Last year, state health officials launched a first-ever bidding process for its Medi-Cal insurance contracts, aimed at implementing higher standards. But when the winners were announced, several insurers complained about the process and the potential impact on patient care.
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In a significant shift, the California Department of Health Care Services announced that it has negotiated with five commercial health plans to provide Medi-Cal services in 2024, eliminating a two-year bidding process for coveted state contracts.
This upends the state’s previous plans to award contracts to just three health plans. This means more Medi-Cal enrollees will likely be able to keep their current insurer and physicians, avoiding a confusing re-enrollment process for most members and preventing disruption of patient care. It also means the state will avoid a protracted legal battle amid threats of legal action from insurers that were previously left out.
The big winners: Blue Shield and Community Health Group will get a contract after initially losing offers, and Health Net will be able to retain at least some of its registrants in Los Angeles.
“To bring certainty to members, providers and plans, the state has used its authority to work directly with plans to redefine our partnership and move forward with confidence and speed toward implementing the changes we want to see,” the department said. wrote in a statement released Friday afternoon. The ministry did not provide answers to follow-up questions prior to publication.
“On some level it makes the transition easier, but we want to do better than the status quo,” said Anthony Wright, executive director of Health Access, a consumer advocacy group. “Less disruption is good, but we don’t want to lose the reason for the change, which is to have more responsibility on these plans in the future.”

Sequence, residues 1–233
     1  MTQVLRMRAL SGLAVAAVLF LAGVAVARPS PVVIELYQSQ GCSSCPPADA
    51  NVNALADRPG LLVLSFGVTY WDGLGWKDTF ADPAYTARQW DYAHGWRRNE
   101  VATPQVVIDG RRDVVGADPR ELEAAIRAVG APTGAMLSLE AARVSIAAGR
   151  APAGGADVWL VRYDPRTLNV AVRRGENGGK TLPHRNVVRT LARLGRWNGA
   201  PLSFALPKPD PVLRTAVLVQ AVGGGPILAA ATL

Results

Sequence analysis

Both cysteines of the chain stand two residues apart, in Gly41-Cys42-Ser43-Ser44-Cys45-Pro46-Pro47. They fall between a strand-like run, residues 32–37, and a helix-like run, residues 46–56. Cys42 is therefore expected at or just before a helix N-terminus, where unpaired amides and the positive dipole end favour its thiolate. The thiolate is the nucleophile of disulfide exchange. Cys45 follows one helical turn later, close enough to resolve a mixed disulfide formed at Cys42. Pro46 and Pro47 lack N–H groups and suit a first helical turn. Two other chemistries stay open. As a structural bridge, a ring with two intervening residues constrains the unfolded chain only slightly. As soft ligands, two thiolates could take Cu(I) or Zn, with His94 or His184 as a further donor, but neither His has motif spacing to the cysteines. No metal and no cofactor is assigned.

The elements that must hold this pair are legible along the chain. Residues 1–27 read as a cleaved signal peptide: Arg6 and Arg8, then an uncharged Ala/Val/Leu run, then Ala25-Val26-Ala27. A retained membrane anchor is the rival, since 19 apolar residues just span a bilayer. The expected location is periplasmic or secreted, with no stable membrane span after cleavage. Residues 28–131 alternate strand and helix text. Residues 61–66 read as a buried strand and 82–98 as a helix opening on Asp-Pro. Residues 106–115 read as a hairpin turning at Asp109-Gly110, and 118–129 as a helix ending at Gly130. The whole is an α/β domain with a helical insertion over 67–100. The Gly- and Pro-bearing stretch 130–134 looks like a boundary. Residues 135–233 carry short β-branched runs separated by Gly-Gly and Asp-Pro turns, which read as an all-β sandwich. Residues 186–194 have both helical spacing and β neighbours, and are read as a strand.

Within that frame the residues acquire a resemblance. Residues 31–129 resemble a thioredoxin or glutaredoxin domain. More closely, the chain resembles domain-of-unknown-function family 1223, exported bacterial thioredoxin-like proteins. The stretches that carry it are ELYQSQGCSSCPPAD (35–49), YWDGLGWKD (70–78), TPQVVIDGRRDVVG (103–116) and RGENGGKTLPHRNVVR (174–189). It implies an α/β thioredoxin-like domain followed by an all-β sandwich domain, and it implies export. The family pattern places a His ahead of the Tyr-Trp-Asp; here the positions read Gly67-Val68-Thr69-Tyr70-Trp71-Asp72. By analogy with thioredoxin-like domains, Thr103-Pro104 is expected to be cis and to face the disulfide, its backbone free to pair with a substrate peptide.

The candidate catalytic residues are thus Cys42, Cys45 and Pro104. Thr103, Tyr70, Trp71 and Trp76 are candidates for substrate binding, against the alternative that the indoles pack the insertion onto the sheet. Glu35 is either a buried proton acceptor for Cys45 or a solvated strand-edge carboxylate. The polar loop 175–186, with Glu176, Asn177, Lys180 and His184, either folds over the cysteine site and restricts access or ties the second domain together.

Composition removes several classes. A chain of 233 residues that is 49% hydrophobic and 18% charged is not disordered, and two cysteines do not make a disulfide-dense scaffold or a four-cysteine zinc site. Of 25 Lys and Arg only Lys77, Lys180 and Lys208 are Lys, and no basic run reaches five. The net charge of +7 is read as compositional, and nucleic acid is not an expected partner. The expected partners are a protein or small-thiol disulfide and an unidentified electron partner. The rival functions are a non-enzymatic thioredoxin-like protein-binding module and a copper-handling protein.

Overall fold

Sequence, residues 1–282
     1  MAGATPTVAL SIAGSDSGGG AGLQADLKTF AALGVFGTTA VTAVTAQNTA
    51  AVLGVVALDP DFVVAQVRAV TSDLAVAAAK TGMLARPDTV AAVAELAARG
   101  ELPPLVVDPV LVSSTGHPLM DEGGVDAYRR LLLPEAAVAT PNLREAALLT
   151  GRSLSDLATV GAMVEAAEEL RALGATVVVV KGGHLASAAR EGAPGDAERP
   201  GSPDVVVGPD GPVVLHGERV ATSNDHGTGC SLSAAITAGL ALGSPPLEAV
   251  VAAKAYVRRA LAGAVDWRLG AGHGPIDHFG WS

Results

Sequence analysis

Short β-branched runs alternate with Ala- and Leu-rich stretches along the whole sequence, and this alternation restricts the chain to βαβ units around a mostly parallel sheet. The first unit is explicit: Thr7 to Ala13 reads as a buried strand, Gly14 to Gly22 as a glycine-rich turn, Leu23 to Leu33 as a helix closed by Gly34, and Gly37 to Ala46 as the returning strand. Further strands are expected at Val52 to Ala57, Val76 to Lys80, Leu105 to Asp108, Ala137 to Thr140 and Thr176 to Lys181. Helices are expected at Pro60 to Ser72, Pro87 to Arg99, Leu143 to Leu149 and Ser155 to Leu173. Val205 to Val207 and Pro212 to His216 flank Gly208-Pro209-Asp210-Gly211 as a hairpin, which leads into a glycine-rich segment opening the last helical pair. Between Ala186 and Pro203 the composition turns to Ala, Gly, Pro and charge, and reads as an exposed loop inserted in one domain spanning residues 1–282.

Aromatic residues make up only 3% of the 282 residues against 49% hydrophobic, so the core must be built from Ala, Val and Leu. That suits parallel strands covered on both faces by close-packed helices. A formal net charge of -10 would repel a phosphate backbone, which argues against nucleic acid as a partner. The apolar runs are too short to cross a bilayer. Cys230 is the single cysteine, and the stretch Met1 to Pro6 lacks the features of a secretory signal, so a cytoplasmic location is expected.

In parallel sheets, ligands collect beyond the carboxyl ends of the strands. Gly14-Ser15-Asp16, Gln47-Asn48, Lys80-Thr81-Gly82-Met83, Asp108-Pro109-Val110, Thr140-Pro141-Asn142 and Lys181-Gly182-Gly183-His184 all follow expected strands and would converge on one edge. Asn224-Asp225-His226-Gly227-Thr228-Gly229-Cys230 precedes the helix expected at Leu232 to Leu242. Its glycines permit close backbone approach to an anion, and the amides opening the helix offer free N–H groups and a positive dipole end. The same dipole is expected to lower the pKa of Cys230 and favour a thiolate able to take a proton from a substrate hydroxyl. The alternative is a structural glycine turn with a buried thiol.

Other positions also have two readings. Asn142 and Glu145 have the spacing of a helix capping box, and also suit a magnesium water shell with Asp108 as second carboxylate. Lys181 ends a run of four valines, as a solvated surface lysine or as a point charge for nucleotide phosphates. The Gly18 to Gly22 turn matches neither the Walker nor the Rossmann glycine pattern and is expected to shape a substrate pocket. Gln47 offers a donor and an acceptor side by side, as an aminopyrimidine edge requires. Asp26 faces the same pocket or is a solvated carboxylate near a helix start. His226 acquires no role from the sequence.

Medi-Cal provides health coverage to more than 14 million low-income Californians, more than one-third of the state’s population. In 2021, the Department of Health Care Services, which oversees the Medi-Cal program, embarked on a bidding process that would allow it to rework contracts with Medi-Cal commercial health plans. The state’s goal was to reduce the number of participating health plans from the current nine and move forward with only the most qualified plans, which would stand to higher standards linked to patient outcomes, wait times and satisfaction, and to improving health disparities.
In August of last year, the state announced it would tentatively award $14 billion in Medi-Cal contracts to three companies – Health Net, Molina and Anthem Blue Cross. This proposal for a decision would require nearly 2 million subscribers to Medi-Cal to change insurance and probably find new providers. Some health care providers denounced the ministry’s initial contract decision, saying it caused “immeasurable” disruption take care of.
The state’s summer announcement quickly became controversial as the health plans that were left out questioned the state’s process for choosing the three insurers, appealed the decision and sued. ‘State.
This shift in focus of course calls into question the power that insurance companies may have to pressure state action with legal threats. Health advocates say they hope it doesn’t set a precedent. Wright of Health Access said he would like the department to make it clear that the state is not backing down from the competitive contracting process in the future, as he sees it as a key accountability tool.
Blue Shield, one of the insurance companies initially excluded, filed a lawsuit against the Department of Health Services, demanding that the department release all documents used in the screening process.
The insurance giant even launched a campaign in the fall asking Californians to speak out against the state’s decision. The company argued that the state did not sufficiently engage Medi-Cal enrollees and physicians in the process. “The message of this campaign is that it’s not too late for the state to change course and make choices that will advance innovation and health equity for all,” said Kristen Cerf. , president and CEO of Blue Shield’s Medi-Cal plan, in a statement. in October.
Under the revised agreement, Blue Shield will be able to continue serving the San Diego area. Blue Shield declined a request for an interview, instead referring to journalists to a published statement Tuesday.